The point to remember is that market capitalization changes every day as the stock price fluctuates. For this reason, a stock’s weightage too changes every day. However, it is usually a marginal change.

Price Weighted Index

In this method, an index value is calculated on the basis of the company’s stock price, and not market capitalization. Stocks with higher prices have greater weightings in the index than stocks with lower prices. The Dow Jones Industrial Average in the US and the Nikkei 225 in Japan are examples of price-weighted indices.

What are the different types of Indices in India?

Most of the trading in the Indian stock market takes place on its two stock exchanges: the Bombay Stock Exchange (BSE) and the National Stock Exchange (NSE). The BSE has been in existence since 1875. The NSE, on the other hand, was founded in 1992 and started trading in 1994. However, both exchanges follow the same trading mechanism, trading hours, settlement process, etc. The BSE has about 4,700 listed firms, whereas the rival NSE has about 1,200. Out of all the listed firms on the BSE, only about 500 firms constitute more than 90% of its market capitalization.

Following are the different Indices India :

1. Broad Market Indices

These indices are broad-market indices, consisting of the large, liquid stocks listed on the Exchange. They serve as a benchmark for measuring the performance of the stocks or portfolios such as mutual fund investments.

In Bombay Stock Exchange (BSE)


The BSE SENSEX (S&P Bombay Stock Exchange Sensitive Index), also-called the BSE 30 or simply the SENSEX, is a free float market weighted stock market index of 30 well established and financially sound companies listed on Bombay Stock Exchange . The 30 component companies which are some of the largest and most actively traded stocks, are representative of various industrial of the Indian economy. Sensex is the stock market index indicator for the BSE. It was first published in 1986.

How is Sensex calculated ?

The calculation of Sensex is done by a Free-Float method that came into existence from September 1, 2003. The level of Sensex is a direct indication of the performance of 30 stocks in the market. The free-float method takes into account the proportion of the shares that can be readily traded in the market. This does not include the ones held by various shareholders and promoters or other locked-in shares not available in the market.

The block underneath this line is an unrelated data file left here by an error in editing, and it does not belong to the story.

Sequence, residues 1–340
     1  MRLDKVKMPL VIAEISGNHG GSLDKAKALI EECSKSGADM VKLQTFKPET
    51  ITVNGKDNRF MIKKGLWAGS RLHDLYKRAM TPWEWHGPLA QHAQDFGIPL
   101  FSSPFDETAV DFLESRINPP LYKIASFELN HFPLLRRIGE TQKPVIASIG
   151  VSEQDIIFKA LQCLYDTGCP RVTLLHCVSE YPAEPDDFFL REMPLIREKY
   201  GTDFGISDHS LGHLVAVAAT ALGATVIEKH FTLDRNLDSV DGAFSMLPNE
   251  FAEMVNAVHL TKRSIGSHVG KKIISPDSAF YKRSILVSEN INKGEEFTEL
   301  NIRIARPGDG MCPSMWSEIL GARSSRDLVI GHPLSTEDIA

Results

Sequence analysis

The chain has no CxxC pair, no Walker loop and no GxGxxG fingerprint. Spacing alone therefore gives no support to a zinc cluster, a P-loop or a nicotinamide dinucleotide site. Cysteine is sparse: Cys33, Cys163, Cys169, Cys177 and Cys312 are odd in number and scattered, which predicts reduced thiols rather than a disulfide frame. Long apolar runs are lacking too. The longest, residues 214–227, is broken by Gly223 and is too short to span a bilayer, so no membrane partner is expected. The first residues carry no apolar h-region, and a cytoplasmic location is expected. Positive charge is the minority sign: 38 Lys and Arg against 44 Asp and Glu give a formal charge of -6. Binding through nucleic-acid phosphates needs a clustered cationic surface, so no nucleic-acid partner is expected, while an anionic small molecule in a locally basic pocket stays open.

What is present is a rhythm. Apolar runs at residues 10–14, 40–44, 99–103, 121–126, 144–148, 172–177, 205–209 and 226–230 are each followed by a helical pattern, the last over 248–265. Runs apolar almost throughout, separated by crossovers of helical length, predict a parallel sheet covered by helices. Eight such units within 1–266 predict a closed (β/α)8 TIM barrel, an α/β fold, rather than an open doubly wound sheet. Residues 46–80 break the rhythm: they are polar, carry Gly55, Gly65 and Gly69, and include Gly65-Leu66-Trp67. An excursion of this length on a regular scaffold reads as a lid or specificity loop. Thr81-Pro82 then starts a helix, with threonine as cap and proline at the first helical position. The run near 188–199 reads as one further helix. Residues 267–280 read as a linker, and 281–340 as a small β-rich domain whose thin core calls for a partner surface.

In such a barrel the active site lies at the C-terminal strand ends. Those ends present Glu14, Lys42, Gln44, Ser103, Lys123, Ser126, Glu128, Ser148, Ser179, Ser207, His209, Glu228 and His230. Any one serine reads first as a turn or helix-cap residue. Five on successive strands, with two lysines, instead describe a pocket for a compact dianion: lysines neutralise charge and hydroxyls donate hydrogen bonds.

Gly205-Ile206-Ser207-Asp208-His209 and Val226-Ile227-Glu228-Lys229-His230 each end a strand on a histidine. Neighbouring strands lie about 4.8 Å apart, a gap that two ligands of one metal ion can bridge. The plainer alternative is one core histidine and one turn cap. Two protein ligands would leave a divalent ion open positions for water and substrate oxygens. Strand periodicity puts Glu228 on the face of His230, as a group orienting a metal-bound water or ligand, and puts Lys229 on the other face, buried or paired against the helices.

First, the market capitalization is taken into account. This is done by multiplying all the shares issued by the company with the price of its stock. Then BSE determines a Free-float factor that is a multiple of the market capitalization of the company. This helps in determining the free-float market capitalization based on the details submitted by the company. Then, Ratio and Proportion are used based on the base index of 100. This helps to determine the Sensex.

Other Indices :

  • S&P BSE Consumer Discretionary Goods & Services
  • S&P BSE Basic Materials
  • S&P BSE LargeCap
  • S&P BSE AllCap
  • S&P BSE MidCap
  • S&P BSE SmallCap

In National Stock Exchange (NSE)


The NIFTY 50 index is National Stock Exchange of India’s benchmark stock market index for Indian equity market. Nifty is owned and managed by India Index service & products (IISL) . The NIFTY 50 covers 13 sectors of the Indian economy and offers investment managers exposure to the Indian market in one portfolio.

Nifty is the market indicator of NSE. It ideally is a collection of 50 stocks but presently has 51 listed in it. It is also referred to as Nifty 50 and CNX Nifty by some as it is owned.

How is Nifty calculated ?

Nifty is also calculated through the free-float market capitalization weighted method. Just like Sensex, Nifty also follows a mathematical formula based to know the market capitalization. It multiples the Equity capital with a price to derive the market capitalization. To determine the Free-float market capitalization, equity capital is multiplied by a price which is further multiplied with IWF, which is the factor for determining the number of shares available for trading freely in the market. The Index is determined on a daily basis by taking into consideration the current market value divided by base market capital and then multiplied by the Base Index Value of 1000.

Other Indices

2. Sectoral Indices

The Market Sector Indices summarizes the performance of stocks grouped by specific market sectors. This allows investors to benchmark the performance of a particular stock market sector or industry.

In National Stock Exchange (NSE)

Sectoral Indices in NSE are :

  • Nifty Auto Index : The Nifty Auto Index is designed to reflect the behavior and performance of the Automobiles sector which includes manufacturer of cars & motorcycles, heavy vehicles, auto ancillaries, tyres, etc. The Nifty Auto Index comprises of 15 stocks that are listed on the National Stock Exchange.
  • Nifty Bank Index : Nifty Bank Index is an index comprised of the most liquid and large capitalized Indian Banking stocks. It provides investors and market intermediaries with a benchmark that captures the capital market performance of Indian Banks.The index has 12 stocks from the banking sector which trade on the National Stock Exchange.
  • Nifty Financial Services Index : The Nifty Financial Services Index is designed to reflect the behavior and performance of the Indian financial market which includes banks, financial institutions and housing finance and other financial services companies. The Nifty Finance Index comprises of 15 stocks that are listed on the National Stock Exchange (NSE).